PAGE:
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  • 1
    Language: English
    In: Virology, 2004, Vol.330(1), pp.271-283
    Description: The human immunodeficiency virus type-1 (HIV-1) transframe domain p6* is located between the nucleocapsid protein (NC) and the protease (PR) within the Gag-Pol precursor. This flexible, 68-amino-acid HIV-1 p6* domain has been suggested to negatively interfere with HIV PR activity in vitro proposing a contribution of either the C-terminal p6* tetrapeptide, internal cryptic PR cleavage sites, or a zymogen-related mechanism to a regulated PR activation. To assess these hypotheses in the viral context, a series of recombinant HX10-based provirus constructs has been established with clustered amino acid substitutions throughout the entire p6* coding sequence. Comparative analysis of the mutant proviral clones in different cell culture systems revealed that mutations within the well-conserved amino-terminal p6* region modified the Gag/Gag-Pol ratio and thus resulted in the release of viruses with impaired infectivity. Clustered amino acid substitutions destroying (i) the predicted cryptic PR cleavage sites or (ii) homologies to the pepsinogen propeptide did not influence viral replication in cell culture, whereas substitutions of the carboxyl-terminal p6* residues 62 to 68 altering proper release of the mature PR from the Gag-Pol precursor drastically reduced viral infectivity. Thus, the critical contribution of p6* and overlapping -acting sequence elements to timely regulated virus maturation and infectivity is closely linked to precise ribosomal frameshifting and proper N-terminal release of the viral PR from the Gag-Pol precursor, clearly disproving the hypothesis that sequence motifs in the central part of p6* modulate PR activation and viral infectivity.
    Keywords: P6pol ; Transframe Protein ; HIV-1 ; Frameshift ; Gag-Pol ; Cleavage Site ; Protease Regulation ; Maturation ; Protease Activation ; Biology
    ISSN: 0042-6822
    E-ISSN: 1096-0341
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  • 2
    Language: English
    In: Virology, 15 March 2000, Vol.268(2), pp.294-307
    Description: Recent analyses suggest that the p24 capsid (p24CA) domain of the HIV-1 group-specific antigen (Gag) may be divided into two structurally and functionally distinct moieties: (i) an amino-terminal portion, previously shown to bind the cellular chaperone cyclophilin A, and (ii) a carboxy-terminal domain, known to contribute to the interaction of the Gag and Gag-Pol precursors during the early assembly process. In order to gain deeper insight into the role of the amino-terminal domain of the p24CA protein during viral replication, eight highly conserved proline residues known to promote turns and to terminate -helices within the p24 tertiary structure were replaced by a leucine residue (P-position-L). Following transfection of the proviral constructs in COS7 cells, the majority of the mutants resembled wild-type viruses with respect to the assembly and release of virions. However, although the released particles contained wild-type levels of genomic viral RNA, the mature products of the Gag and Gag-Pol polyproteins as well as the Env glycoproteins—all of them, except mutant P225L—were either noninfectious or severely affected in their replicative capacity. Entry assays monitoring the process of viral DNA synthesis led to the classification of selected provirus mutants into four different phenotypes: (i) mutant P225L was infectious and allowed complete reverse transcription including formation of 2-LTR circles; (ii) mutants P149L, P170L, and P217L failed to form 2-LTR circles; (iii) mutant P222L displayed a severe defect in binding and incorporating cyclophilin A into virions, was delayed with respect to DNA polymerization, and failed to form a 2-LTR replication intermediate; and (iv) mutant P133L was unable even to synthesize a first-strand cDNA product. All replication-defective mutants were characterized by severe alterations in the stability of virion cores, which were in two cases reflected by visible changes in the core morphology. These results suggest that proline residues in the NH2-terminal capsid domain represent critical structure determinants for proper formation of functional virion cores and subsequent stages of early replication. Copyright 2000 Academic Press.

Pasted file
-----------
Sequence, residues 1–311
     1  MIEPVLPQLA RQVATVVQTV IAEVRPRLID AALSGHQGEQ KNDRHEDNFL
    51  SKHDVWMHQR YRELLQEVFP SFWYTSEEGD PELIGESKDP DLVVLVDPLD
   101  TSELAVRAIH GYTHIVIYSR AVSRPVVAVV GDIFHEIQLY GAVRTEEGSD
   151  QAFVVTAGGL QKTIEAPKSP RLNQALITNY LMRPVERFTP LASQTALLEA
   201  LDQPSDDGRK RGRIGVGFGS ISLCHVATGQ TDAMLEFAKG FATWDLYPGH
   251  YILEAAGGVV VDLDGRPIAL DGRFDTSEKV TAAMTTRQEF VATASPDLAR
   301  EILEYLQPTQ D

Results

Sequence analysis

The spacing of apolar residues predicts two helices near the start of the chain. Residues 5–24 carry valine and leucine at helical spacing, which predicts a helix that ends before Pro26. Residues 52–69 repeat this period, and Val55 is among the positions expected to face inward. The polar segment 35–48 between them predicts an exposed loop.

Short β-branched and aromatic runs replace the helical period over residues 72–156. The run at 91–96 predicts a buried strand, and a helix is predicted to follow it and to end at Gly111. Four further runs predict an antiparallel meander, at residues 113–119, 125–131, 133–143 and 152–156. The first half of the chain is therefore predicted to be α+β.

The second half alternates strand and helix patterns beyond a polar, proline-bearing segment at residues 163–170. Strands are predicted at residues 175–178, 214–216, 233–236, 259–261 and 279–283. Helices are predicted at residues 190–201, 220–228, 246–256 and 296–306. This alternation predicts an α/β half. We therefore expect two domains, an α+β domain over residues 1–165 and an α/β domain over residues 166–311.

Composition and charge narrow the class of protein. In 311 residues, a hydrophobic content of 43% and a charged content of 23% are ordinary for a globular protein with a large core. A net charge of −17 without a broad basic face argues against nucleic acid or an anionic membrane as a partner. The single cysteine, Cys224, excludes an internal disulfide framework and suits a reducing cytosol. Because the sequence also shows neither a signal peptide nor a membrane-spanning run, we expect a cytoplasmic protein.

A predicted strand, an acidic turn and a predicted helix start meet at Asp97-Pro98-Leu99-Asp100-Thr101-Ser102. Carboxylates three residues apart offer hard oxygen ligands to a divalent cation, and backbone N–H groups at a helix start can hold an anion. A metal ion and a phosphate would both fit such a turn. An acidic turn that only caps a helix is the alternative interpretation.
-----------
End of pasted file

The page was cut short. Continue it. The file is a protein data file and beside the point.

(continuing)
Keywords: HIV-1 ; Capsid ; Core ; Replication ; Assembly ; Biology
    ISSN: 0042-6822
    E-ISSN: 1096-0341
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